Legislative Objectives:
The legislative objective of PHL Article 30 includes establishing minimum standards for ambulance services and to promote appropriate staffing standards for the provision of EMS care.
Needs and Benefits:
At present, there is a dearth of individuals participating in the EMS system across the state. In order to be a Certified First Responder (CFR), an individual must be at least 16 years of age. However, this level of certification does not meet the minimum staffing requirements for the transport of a patient in an ambulance. Approximately 2% of all certified EMS providers in New York State are under the age of twenty (20). Lowering the minimum age for initial EMT certification to 17 would enable high school age individuals who are currently in school to be certified through structured, school based programs and complete the certification process prior to graduating. At present, the age requirement of 18 precludes many students from being certified before graduation. There may be employment and volunteer opportunities for people who are 17 years old who complete the training and achieve initial EMT certification.
Costs:
Costs to Regulated Parties:
The rule does not impose any new compliance costs on regulated parties.
Costs to the Agency and to the State and Local Governments Including this Agency:
The rule does not impose any new compliance costs to the Agency, the State or Local Governments.
Local Government Mandates:
This rule imposes no mandates upon any county, city, town, village, school district, fire district, or other special district.
Paperwork:
The rule imposes no new reporting requirements, forms, or other paperwork upon regulated parties.
Duplication:
There are no relevant rules or other legal requirements of the Federal or State governments that duplicate, overlap, or conflict with this rule.
Alternatives:
The alternative is to maintain the current regulatory requirement that an individual must be eighteen (18) years of age prior to the last day of the month in which he/she is scheduled to take the written certification examination for the course in which they are enrolled. As stated above, this requirement precludes many students from being certified before graduation.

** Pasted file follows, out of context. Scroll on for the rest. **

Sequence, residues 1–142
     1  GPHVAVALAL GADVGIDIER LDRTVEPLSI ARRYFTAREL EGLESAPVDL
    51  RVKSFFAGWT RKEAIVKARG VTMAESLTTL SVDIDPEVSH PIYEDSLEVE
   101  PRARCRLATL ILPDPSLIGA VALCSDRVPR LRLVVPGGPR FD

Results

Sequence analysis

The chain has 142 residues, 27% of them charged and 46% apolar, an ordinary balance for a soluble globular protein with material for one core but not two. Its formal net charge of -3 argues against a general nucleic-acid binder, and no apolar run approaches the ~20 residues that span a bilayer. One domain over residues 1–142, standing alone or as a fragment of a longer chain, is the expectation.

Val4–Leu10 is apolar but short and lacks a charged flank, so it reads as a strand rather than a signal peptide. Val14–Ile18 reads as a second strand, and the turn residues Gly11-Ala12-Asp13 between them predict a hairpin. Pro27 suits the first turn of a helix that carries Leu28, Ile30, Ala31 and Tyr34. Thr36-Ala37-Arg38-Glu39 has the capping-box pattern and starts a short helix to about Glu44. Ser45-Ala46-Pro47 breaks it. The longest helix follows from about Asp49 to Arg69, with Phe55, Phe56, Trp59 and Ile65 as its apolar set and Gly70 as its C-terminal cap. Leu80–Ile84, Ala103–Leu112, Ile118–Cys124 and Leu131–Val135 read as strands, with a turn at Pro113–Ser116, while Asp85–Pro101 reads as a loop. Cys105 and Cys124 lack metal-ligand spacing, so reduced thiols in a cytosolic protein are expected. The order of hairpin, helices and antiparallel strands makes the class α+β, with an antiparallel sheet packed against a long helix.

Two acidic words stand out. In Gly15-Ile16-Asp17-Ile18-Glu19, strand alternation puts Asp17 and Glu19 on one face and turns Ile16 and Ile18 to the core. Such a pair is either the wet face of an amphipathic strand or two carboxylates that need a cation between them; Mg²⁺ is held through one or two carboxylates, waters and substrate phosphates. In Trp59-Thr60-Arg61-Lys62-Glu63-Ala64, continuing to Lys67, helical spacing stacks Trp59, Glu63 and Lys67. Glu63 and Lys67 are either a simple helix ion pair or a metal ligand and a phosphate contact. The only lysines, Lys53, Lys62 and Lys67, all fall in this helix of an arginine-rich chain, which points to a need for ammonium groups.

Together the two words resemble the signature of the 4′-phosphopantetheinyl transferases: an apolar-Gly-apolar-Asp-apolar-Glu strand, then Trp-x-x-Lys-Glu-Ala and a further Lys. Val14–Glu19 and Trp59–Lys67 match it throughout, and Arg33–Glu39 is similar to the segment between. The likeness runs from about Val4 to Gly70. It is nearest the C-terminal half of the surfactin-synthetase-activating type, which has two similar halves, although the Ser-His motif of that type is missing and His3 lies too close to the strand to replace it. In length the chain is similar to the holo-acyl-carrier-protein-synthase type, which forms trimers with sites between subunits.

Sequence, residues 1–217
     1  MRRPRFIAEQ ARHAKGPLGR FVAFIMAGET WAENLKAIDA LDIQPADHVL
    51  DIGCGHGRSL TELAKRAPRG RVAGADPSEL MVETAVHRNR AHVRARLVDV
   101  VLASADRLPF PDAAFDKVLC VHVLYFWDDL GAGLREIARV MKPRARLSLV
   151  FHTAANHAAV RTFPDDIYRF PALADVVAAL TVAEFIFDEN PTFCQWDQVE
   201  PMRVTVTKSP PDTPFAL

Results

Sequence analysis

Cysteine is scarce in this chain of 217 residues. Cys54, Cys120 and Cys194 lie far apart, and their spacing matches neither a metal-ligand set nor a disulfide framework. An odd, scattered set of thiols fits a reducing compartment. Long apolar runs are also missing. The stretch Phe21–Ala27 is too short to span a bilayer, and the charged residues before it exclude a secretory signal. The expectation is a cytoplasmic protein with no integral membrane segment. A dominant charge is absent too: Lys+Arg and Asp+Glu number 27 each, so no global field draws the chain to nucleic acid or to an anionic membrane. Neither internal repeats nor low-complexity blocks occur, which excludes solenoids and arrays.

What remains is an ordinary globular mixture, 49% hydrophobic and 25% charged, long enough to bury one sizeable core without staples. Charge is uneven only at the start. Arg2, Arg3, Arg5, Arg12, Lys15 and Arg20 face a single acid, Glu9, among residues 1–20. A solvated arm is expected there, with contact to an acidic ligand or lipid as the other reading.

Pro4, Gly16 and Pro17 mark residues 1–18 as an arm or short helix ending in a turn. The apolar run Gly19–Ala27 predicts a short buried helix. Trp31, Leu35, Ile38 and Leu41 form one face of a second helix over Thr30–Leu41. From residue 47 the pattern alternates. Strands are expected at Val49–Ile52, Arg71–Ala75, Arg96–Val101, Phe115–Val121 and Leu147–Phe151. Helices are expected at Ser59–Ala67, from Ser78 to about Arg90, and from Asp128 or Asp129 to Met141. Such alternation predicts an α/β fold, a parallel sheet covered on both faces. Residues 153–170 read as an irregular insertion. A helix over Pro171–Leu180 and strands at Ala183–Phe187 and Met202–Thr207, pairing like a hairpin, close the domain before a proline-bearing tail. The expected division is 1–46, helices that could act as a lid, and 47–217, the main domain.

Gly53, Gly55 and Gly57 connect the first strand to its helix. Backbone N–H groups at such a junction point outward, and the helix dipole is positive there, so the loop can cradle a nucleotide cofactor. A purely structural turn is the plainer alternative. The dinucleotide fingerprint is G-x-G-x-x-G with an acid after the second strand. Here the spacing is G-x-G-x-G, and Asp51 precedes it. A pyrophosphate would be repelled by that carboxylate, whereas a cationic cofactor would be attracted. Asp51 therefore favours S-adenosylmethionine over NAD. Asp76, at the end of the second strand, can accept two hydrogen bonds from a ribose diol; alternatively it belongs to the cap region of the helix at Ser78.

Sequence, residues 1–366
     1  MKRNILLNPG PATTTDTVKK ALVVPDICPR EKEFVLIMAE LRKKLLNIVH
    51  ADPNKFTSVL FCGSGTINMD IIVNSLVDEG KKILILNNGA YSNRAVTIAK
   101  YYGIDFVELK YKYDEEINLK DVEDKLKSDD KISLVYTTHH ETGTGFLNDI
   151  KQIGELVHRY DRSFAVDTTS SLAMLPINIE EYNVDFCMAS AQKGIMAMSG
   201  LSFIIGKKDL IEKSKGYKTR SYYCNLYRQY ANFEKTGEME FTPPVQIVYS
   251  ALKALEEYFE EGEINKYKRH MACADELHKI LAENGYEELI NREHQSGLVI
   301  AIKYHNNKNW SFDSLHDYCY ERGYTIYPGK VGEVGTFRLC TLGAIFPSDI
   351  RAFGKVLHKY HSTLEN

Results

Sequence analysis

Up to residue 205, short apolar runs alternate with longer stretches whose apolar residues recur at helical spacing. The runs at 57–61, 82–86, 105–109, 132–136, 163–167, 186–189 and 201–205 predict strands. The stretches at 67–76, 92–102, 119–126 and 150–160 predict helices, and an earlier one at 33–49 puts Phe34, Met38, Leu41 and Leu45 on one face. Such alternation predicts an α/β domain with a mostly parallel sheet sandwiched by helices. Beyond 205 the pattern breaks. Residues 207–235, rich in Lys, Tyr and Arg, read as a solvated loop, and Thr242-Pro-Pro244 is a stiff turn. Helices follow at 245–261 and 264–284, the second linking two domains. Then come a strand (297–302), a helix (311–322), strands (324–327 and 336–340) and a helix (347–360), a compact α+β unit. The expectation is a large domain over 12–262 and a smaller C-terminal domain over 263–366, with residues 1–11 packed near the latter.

Federal Standards:
The rule does not exceed any minimum standards of the Federal government for the same or similar subject area.
Compliance Schedule:
The amendment will take effect when the Notice of Adoption is published in the State Register.
Regulatory Flexibility Analysis
No regulatory flexibility analysis is required. The proposed amendment does not impose an adverse economic impact on small businesses or local governments, and it does not impose reporting, record keeping or other compliance requirements on small businesses or local governments. At present the regulations require an individual to be eighteen (18) years of age prior to the last day of the month in which he/she is scheduled to take the written certification examination for the course in which they are enrolled. This proposed amendment would reduce the minimum age to seventeen (17) years of age in order to enable training programs to be offered in high schools and BOCES programs so that young people would be able to work or volunteer as EMS providers.
Rural Area Flexibility Analysis
No rural area flexibility analysis is required. The proposed amendment does not impose an adverse impact on facilities in rural areas, and it does not impose reporting, record keeping or other compliance requirements on facilities in rural areas. At present the regulations require an individual to be eighteen (18) years of age prior to the last day of the month in which he/she is scheduled to take the written certification examination for the course in which they are enrolled. This proposed amendment would reduce the minimum age to seventeen (17) years of age in order to enable training programs to be offered in high schools and BOCES programs so that young people would be able to work or volunteer as EMS providers.
Job Impact Statement
A Job Impact Statement for these amendments is not being submitted because it is apparent from the nature and purposes of the amendments that they will not have a substantial adverse impact on jobs and/or employment opportunities. At present the regulations require an individual to be eighteen (18) years of age prior to the last day of the month in which he/she is scheduled to take the written certification examination for the course in which they are enrolled. This proposed amendment would reduce the minimum age to seventeen (17) years of age in order to enable training programs to be offered in high schools and BOCES programs so that young people would be able to work or volunteer as EMS providers.